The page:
Google Ups Chromebook Privacy With New Camera

Google Ups Chromebook Privacy With New Camera and Mic Switch

New toggles that can immediately prevent all apps and websites from using the camera and microphone are being added by Google to the ChromeOS settings.

The new system-wide privacy controls disable access to the hardware for the rest of the computer, effectively acting as a replacement for the physical camera and microphone kill switches found on a variety of PC laptops.

But Chromebook manufacturers can simplify the laptop design and use the integrated ChromeOS solution instead of adding hardware switches that cut power to the camera, like on Framework’s Chromebook, or even a simple plastic sliding gate that covers the lens. One can always attach a plastic sliding gate for visual confirmation, but there is nothing more secure than a complete cutoff of power to the camera and microphone.

The ChromeOS camera and mic toggles are coming in an unspecified future software update “later this year,” according to After the update is released, Chromebook users will have access to a new section called Privacy Controls under Settings > Security and Privacy.

Google is also enhancing its business- and enterprise-oriented security features, adding new identity and data control tools to help IT departments manage user logins and prevent sensitive data from unintentionally leaving their organizations. It allows users to suppress copy and paste functions to prevent text from accidentally dropping into the wrong place, print only where they should print, and more. Users can also be prevented from sharing sensitive files with people or places they shouldn’t.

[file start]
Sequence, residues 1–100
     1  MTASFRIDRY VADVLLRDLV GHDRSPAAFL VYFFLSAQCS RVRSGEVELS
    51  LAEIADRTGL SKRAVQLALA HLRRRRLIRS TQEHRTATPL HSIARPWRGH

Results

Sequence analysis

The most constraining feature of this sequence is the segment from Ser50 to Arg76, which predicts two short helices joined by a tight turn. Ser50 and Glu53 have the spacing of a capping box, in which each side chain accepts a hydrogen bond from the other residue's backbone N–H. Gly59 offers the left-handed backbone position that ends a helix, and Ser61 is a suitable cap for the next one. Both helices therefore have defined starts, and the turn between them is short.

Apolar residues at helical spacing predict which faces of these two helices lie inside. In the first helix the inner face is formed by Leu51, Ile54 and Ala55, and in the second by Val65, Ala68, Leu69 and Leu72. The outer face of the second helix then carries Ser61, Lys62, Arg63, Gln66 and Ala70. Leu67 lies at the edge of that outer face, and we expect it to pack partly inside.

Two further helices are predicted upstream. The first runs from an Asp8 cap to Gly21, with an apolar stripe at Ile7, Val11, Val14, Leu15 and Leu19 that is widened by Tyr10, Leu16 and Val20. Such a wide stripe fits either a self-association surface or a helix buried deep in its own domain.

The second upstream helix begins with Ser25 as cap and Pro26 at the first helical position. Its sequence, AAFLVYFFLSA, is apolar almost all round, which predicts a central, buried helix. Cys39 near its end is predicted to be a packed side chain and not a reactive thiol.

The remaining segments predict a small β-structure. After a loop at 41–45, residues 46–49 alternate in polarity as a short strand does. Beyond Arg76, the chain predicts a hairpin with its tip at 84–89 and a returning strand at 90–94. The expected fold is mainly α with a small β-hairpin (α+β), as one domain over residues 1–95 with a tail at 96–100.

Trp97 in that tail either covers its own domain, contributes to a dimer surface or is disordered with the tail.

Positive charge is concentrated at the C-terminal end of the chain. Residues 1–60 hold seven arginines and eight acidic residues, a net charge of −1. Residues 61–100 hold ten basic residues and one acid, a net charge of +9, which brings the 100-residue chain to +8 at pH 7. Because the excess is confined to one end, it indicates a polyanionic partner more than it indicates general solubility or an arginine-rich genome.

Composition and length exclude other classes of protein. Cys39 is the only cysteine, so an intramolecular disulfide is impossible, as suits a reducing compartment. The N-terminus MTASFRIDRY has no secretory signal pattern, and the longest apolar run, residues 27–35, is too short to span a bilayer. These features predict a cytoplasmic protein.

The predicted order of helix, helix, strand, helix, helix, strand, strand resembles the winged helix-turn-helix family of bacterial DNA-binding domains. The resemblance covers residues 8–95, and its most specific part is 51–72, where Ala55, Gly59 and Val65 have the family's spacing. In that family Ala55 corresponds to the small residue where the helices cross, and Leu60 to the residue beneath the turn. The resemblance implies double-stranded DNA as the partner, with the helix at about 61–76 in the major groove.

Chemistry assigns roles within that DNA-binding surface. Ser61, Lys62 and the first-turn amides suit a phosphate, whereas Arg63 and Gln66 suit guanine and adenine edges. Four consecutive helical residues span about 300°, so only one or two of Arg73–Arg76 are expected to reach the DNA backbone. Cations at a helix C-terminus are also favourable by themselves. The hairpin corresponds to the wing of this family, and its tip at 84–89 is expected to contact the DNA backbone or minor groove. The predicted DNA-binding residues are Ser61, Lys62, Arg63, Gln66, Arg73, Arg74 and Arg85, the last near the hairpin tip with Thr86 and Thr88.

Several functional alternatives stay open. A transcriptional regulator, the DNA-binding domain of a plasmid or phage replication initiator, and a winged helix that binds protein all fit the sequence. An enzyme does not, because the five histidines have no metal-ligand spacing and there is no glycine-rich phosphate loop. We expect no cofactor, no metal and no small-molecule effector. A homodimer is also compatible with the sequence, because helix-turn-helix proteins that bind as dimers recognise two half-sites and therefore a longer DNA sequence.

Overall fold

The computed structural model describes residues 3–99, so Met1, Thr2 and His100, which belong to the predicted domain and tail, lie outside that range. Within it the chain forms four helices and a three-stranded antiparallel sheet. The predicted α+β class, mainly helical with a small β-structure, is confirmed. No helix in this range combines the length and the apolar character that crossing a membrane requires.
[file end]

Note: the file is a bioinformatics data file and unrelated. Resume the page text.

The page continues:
To enable better integration of Chromebooks into IT departments’ environments, Google is collaborating with well-known third-party enterprise management and security firms like Palo Alto Networks, ClowdStrike, Microsoft, and others. For instance, organizations using CrowdStrike XDR integration for threat monitoring can now connect Chromebooks to the Falcon platform using Google’s XDR connector framework. Additionally, Google offers connectors for businesses utilizing Azure AD, Netskope, Chronicle, and Cortex for identity management as well as Cortex and Cortex for access event reporting.

These new tools may contribute to the increased appeal of Chromebooks as an enterprise option. ChromeOS has been primarily developed around mobile device management. The timing is crucial for Google because, in the wake of the recent surge in computer purchases, IT departments are probably considering hardware upgrades. Chromebooks are a low-cost option to think about, but the US Public Interest Research Group Education Fund has found that they also have short lifespans and are challenging to repair.

Read More: Do Security Cameras Have Audio?

Source: theverge

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